Simon adopted a greyhound called Zac.
Before Simon took Zac home with him, he organised pet insurance. The pet insurance policy had a 21 day stand down period. This meant that if Zac received treatment for an illness within 21 days of the policy’s commencement date, the cost of that treatment would not be covered by the policy.
Simon had purchased the insurance policy online on 22 March 2016. He received a certificate of insurance which provided that the period of insurance commenced on 22 March 2016 at 4pm and ended on 22 March 2017 at 4pm.
At 5am on 12 April 2016 Zac suffered from vomiting and diarrhoea. Simon took Zac to the vet where several tests were administered. Zac recovered from his illness although Simon paid $1,738.90 in vet fees.
Simon submitted a claim to his pet insurance company. However, the insurance company declined Simon’s claim. The insurance company said that Zac had fallen ill within the 21 day stand down period so the vet fees were not covered under the insurance policy.
Simon considered that his claim should be covered because, in his view, Zac did not fall ill within the 21 day stand down period.
The insurance company had calculated a day as being each consecutive 24 hour period starting from the time and date the policy commenced. The insurance company considered that the stand down period ended at 4pm on 12 April 2016.
Simon disagreed with the pet insurance company’s method of calculating a day. Simon argued that a new day begins each time the date changes. By his calculations, the stand down period started on 22 March 2016 and ended at 11.59pm 11 April 2016.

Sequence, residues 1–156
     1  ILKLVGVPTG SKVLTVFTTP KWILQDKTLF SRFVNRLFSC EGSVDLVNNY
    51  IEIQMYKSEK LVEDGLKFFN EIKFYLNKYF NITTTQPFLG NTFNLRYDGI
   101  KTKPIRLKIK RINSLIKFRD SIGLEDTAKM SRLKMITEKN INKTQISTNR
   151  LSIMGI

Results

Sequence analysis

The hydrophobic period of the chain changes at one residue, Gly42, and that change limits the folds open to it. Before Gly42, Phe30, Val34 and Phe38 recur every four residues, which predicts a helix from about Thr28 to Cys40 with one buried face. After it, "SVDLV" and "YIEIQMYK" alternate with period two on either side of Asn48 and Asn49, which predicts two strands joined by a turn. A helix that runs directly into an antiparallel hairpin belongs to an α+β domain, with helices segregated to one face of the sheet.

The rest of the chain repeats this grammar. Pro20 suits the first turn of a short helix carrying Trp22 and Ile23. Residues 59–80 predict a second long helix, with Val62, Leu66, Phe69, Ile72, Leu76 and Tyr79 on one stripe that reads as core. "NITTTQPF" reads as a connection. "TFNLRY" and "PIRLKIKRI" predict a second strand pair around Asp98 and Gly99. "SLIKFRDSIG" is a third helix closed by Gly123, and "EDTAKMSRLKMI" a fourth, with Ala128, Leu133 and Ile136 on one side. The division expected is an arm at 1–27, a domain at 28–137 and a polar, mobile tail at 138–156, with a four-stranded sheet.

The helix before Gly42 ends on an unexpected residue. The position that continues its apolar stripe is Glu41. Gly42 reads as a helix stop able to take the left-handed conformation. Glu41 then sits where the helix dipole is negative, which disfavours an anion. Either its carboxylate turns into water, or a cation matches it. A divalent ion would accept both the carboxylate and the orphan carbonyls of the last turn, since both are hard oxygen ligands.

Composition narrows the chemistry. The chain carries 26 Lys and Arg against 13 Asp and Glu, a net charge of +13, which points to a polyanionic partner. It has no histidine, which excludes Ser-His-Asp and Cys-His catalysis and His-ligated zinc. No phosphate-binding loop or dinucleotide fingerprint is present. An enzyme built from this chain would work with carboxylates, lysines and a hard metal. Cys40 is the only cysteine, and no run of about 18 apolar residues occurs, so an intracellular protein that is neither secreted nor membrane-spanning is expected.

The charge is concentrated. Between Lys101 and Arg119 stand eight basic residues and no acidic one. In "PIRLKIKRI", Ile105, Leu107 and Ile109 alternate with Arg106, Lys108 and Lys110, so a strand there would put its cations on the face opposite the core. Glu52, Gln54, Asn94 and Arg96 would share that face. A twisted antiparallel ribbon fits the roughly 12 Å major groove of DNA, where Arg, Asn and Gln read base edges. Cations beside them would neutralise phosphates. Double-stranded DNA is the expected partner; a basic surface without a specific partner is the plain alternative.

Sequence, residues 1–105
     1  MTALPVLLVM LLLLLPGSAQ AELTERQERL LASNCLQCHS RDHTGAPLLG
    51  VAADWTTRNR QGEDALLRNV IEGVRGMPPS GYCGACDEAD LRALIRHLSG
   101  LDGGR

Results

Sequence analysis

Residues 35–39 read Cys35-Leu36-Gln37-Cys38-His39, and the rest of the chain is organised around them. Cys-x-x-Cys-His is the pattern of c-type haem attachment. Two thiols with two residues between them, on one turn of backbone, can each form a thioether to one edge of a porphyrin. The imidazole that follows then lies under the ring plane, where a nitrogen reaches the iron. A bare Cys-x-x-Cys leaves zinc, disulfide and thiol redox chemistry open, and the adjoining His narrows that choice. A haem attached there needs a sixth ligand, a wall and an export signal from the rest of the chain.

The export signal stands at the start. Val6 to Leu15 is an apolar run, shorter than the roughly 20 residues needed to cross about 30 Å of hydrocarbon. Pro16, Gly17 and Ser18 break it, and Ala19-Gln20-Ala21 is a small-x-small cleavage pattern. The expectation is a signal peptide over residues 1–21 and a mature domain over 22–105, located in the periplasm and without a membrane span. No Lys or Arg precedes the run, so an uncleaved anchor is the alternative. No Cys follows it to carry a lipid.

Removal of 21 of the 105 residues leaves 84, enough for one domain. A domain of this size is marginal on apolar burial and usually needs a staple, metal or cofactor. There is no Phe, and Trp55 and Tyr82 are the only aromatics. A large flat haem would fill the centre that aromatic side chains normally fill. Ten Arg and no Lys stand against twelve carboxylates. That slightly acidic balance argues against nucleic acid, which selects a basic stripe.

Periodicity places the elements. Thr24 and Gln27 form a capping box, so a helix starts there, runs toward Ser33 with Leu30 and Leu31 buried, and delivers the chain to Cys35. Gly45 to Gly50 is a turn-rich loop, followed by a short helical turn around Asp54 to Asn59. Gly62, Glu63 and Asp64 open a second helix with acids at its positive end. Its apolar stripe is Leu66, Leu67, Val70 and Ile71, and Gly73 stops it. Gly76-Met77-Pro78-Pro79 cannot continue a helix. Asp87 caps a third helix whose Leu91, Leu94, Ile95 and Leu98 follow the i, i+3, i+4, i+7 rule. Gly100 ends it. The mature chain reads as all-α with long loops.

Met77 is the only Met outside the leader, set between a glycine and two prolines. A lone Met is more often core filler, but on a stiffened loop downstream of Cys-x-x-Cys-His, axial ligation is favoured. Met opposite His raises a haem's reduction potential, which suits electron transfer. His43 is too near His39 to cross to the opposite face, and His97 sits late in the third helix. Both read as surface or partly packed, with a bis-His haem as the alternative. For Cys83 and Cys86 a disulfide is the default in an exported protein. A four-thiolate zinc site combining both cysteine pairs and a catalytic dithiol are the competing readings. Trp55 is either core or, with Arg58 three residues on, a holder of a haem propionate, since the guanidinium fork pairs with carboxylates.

Simon said the policy wording was unclear and that the insurance company was interpreting its policy in such a way to support its position.
Simon complained to FSCL about the decline of his claim.
We found that the stand down period did not end until 4pm on 12 April 2016. As Zac first became ill at 5am on 12 April 2016, his treatment costs were not covered by the policy.
We considered that ‘a day’ was the 24 hour period between 4pm and 4pm the following day because the policy certificate stated that the policy commenced and ended at 4pm.
Unfortunately we could not direct the insurance company to make a goodwill contribution to the vet fees as we had found that the insurance company was not obligated to pay Simon’s claim.
It was clear that Simon acted in good faith and he had taken all the right steps to ensure Zac had insurance cover from the earliest opportunity. Simon was the victim of very unfortunate timing. Had Zac fallen ill just 12 hours later, at 5pm rather than 5am on 12 April 2016, then this would have been outside the 21 day stand down period.
While we sympathised with Simon’s position, an insurance company is entitled to restrict cover under its policy wording. In this instance, the policy included a 21 day stand down period. It was very unfortunate that Zac became ill so close to the end of that 21 day stand down period. However, as it was within that period, the insurance company could decline the claim.